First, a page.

With one tweak, this is the first paragraph from the pull-quote for this piece. All I've done is change "market" to "forest." The forest version sounds pretty implausible to me, but after a financial crisis, people seem to be drawn to the version with "markets." For example, after Citibank made some bets that turned out badly in the Latin American debt crisis of the 1980s, its CEO John Reed helped mid-wife the Economics Program at the Santa Fe Institute. He wanted the new theoretical insights about financial crises that the new complexity scientists promised. Ever since, the complexity scientists have been telling us that markets are self-organizing systems. For the life of me, I can't see how this puts us way ahead. Didn't seem to help Citibank either, which I've noticed is back in the headlines.
Then as now, a key recommendation is to recruit some "good" scientists (their modifier, not mine; see the second paragraph from the pull quote) from other fields. I guess that these outsiders are supposed to purge economics and finance of the aforementioned ideology and failed assumptions. But before we put up money for an "economic Manhattan Project," wouldn't it make sense to ask if there is any evidence to support the basic claim here--that more theory, developed by people who don't have domain experience, is the key to scientific progress in macroeconomics and finance?
Or Skeptic Magazine editor, Michael Shermer:
…imagine the futility of government bureaucrats trying to find the right price for each of the approximately 170,000 different books published each year, factoring in hardback versus paperback prices, special discounts for multiple purchases of bundled books, plus shipping specials for minimum sales and factoring in, of course, the discriminatory pricing now used in the same way the airlines price their tickets, and then imagine multiplying that process by the hundreds of thousands of different markets, industries, and businesses and it becomes crashingly clear why no top-down system could ever match the real-time sensitivity to prices provided by the bottom-up complex adaptive pricing system currently in place.
Expand the problem by many orders of magnitude and we get a sense of the breathtaking inanity of trying to control an entire economy, no matter how smart the experts in our hypothetical economic Manhattan Project may be. The economy is a product of human action, not of human design. Trying to redesign something that was never designed in the first place is futile. I vote no on an economic Manhattan Project.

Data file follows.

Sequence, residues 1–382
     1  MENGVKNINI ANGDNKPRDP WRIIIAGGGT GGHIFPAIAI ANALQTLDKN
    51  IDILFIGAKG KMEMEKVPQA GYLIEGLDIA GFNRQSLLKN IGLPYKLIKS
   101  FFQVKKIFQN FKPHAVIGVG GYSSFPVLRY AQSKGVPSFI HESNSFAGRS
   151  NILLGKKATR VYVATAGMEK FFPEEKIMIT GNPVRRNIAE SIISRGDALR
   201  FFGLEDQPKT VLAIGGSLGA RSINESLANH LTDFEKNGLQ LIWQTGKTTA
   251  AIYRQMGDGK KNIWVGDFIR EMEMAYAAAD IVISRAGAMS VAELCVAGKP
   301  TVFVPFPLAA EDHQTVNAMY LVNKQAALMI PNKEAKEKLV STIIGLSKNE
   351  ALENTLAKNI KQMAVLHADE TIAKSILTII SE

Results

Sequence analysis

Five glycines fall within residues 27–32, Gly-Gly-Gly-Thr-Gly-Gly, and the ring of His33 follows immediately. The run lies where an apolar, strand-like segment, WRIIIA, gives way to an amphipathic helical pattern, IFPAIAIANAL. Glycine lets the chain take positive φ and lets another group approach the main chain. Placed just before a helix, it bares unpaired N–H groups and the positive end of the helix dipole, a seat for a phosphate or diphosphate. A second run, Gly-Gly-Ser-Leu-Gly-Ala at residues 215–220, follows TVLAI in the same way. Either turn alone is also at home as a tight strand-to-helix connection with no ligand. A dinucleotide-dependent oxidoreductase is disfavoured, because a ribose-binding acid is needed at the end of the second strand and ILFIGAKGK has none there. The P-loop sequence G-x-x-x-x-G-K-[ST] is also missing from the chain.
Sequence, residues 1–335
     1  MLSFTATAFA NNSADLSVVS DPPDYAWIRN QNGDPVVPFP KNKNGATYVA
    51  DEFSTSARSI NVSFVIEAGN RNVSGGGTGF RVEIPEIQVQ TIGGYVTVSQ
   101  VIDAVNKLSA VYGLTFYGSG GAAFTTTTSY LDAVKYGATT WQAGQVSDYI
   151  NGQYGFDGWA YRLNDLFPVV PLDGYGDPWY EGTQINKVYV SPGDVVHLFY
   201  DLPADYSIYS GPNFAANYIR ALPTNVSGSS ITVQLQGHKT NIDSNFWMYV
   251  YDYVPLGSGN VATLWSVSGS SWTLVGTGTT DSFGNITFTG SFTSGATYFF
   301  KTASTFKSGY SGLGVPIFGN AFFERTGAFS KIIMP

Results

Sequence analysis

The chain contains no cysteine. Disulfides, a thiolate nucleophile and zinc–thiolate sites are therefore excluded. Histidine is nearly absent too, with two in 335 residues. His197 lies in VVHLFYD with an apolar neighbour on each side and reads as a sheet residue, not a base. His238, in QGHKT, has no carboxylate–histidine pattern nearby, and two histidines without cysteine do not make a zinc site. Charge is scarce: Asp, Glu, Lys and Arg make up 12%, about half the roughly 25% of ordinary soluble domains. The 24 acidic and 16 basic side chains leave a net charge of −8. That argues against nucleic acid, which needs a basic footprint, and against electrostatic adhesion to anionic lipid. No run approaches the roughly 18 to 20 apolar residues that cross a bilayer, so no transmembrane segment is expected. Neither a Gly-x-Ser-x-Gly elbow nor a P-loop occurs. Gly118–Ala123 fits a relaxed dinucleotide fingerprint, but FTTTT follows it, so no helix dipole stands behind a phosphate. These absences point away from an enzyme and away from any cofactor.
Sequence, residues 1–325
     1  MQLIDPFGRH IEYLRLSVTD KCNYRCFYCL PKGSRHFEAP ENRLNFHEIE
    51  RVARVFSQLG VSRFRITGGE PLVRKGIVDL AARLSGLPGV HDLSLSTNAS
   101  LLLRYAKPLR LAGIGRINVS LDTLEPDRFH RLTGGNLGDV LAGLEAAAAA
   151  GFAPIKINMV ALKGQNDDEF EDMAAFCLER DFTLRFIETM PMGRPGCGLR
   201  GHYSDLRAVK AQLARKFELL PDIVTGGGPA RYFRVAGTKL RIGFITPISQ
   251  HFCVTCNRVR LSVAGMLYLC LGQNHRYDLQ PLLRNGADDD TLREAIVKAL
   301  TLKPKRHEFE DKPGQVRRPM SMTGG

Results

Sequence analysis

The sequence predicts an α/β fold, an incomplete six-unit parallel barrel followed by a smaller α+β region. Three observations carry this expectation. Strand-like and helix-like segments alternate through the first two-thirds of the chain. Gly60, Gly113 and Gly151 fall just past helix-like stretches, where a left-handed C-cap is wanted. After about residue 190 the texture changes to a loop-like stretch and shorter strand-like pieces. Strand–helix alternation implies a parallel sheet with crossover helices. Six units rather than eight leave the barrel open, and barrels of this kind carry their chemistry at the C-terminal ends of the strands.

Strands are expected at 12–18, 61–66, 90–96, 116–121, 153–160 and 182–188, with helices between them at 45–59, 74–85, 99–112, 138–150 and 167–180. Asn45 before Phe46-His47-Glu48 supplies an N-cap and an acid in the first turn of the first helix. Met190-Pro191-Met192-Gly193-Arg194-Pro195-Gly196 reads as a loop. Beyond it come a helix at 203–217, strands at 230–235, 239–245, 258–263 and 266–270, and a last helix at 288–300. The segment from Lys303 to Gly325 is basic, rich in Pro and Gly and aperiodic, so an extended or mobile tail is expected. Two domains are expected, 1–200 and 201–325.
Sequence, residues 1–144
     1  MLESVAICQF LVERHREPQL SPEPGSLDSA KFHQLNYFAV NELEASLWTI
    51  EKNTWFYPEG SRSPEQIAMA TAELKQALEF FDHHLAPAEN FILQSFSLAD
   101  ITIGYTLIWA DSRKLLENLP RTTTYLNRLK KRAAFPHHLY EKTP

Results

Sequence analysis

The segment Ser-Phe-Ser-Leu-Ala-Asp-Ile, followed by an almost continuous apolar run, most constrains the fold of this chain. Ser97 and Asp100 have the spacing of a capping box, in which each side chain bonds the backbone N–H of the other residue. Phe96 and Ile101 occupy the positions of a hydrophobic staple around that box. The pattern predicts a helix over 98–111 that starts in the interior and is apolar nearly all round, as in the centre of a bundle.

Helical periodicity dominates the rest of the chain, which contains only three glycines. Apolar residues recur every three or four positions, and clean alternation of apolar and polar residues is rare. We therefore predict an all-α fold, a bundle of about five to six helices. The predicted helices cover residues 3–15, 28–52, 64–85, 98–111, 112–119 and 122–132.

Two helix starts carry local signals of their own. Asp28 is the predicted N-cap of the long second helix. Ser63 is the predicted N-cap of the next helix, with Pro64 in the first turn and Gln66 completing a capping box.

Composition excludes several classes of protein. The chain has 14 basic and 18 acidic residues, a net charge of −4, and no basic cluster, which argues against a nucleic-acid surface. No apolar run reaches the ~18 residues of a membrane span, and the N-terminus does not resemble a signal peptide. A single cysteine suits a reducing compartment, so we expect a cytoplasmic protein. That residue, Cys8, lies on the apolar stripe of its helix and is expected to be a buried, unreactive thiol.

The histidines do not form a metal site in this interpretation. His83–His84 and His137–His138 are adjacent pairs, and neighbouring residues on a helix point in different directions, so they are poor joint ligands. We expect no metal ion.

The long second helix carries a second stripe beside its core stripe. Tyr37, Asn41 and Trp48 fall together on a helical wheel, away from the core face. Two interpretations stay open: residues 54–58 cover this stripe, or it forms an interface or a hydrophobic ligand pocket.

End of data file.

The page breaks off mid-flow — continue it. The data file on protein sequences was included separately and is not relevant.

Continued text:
My favorite comment comes from Black Swan author Nassim Nicholas Taleb:
I spent close to 21 years in finance facing "scientists" in some field who show up in finance and economics, realize that economists and practitioners are not as smart as they are (they are not as "rigorous" and did not score as high in math), then think they can figure it all out.
Nice, commendable impulse, but I blame the banking crisis (and other blowups) on such "scientism".
We've seen them from all fields of study-particularly that finance pays (used to pay) a multiple of what someone can earn in the more respectable sciences. We've seen people from astrophysics, statistical mechanics, mathematical biology, pure mathematics, applied mathematics, semi-applied mathematics, probability theory, engineering, solid state physics, turbulence … literally ever single field.
Meanwhile the most robust understanding is present among practitioners who do not have the instinct to reduce ambiguity and uncertainty that scientists have. I urge you all scientists to go take your "science" where it may work-and leave us in the real world without more problems. Please, please, enough of this "science". We have enough problems without you.
Read the whole Economics Manhattan Project proposal and commentary here.
Hat tip to Matt Wolinsky.